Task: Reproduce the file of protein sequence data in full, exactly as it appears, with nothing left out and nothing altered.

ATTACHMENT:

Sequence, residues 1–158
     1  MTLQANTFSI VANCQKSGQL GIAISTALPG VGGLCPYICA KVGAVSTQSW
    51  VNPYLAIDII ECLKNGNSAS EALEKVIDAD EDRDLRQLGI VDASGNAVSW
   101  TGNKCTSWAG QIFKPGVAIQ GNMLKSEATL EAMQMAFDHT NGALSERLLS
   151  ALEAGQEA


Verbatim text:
Sequence, residues 1–158
     1  MTLQANTFSI VANCQKSGQL GIAISTALPG VGGLCPYICA KVGAVSTQSW
    51  VNPYLAIDII ECLKNGNSAS EALEKVIDAD EDRDLRQLGI VDASGNAVSW
   101  TGNKCTSWAG QIFKPGVAIQ GNMLKSEATL EAMQMAFDHT NGALSERLLS
   151  ALEAGQEA